The researchers added: "Some examples briefly illustrated include ‘snowmaggedon’ in February 2010, Superstorm Sandy in October 2012 and supertyphoon Haiyan in November 2013, and, in more detail, the Boulder floods of September 2013, all of which were influenced by high sea surface temperatures that had a discernible human component."

The Green New Deal backed by de Blasio has not attracted universal support even among Democrats, after the resolution’s botched rollout in Congress earlier this year included the release of an official document by New York Rep. Alexandria Ocasio-Cortez’s office that promised economic security even for those "unwilling to work," as well as the elimination of "farting cows" and air travel.

"We have to fight for the bigger changes, like the Green New Deal."

— New York City Mayor Bill de Blasio

The Democratic mayor on Thursday first announced his plan to meet the "existential threat" of climate change, specifically by extending a section of the lower Manhattan coastline as much as 500 feet into the East River. He said the $10 billion effort to protect lower Manhattan from flooding by extending the shoreline between the Brooklyn Bridge and the Battery will be funded partly by private development if federal funds are not available.


"If there’s federal money in play, it probably looks one way," de Blasio said last week. "If there’s not federal money in play, we have to get some private money into it and there has to be some development."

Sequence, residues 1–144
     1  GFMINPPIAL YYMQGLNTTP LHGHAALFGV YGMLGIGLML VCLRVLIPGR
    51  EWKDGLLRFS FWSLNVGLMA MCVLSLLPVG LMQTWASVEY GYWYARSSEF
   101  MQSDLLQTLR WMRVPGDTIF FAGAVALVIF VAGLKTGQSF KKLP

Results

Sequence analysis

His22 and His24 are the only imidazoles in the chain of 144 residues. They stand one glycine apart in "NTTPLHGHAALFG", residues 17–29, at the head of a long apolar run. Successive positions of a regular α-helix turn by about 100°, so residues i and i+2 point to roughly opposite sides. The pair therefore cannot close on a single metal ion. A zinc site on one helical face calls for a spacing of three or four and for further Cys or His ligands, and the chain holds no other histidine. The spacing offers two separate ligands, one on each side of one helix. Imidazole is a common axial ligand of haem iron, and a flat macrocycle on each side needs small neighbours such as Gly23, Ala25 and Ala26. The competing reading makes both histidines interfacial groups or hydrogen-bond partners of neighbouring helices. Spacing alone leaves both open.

Officials have been developing schemes to fortify New York City’s waterfront since Superstorm Sandy destroyed thousands of homes and businesses in 2012.

De Blasio said it will cost about $500 million to fortify most of lower Manhattan from future effects of climate change, including rising sea levels and intense precipitation, with grassy berms and removable barriers.

But planners determined that protecting the lowest-lying area, including South Street Seaport and the financial district, will require adding more land over several years.

FILE - In this Oct. 19, 2017 file photo, a boat crosses New York Harbor in front of the Manhattan skyline. Mayor Bill de Blasio is announcing a plan to protect lower Manhattan from rising sea levels by surrounding it with earthen berms and extending its shoreline by as much as 500 feet. (AP Photo/Mark Lennihan, File)

FILE – In this Oct. 19, 2017 file photo, a boat crosses New York Harbor in front of the Manhattan skyline. Mayor Bill de Blasio is announcing a plan to protect lower Manhattan from rising sea levels by surrounding it with earthen berms and extending its shoreline by as much as 500 feet. (AP Photo/Mark Lennihan, File)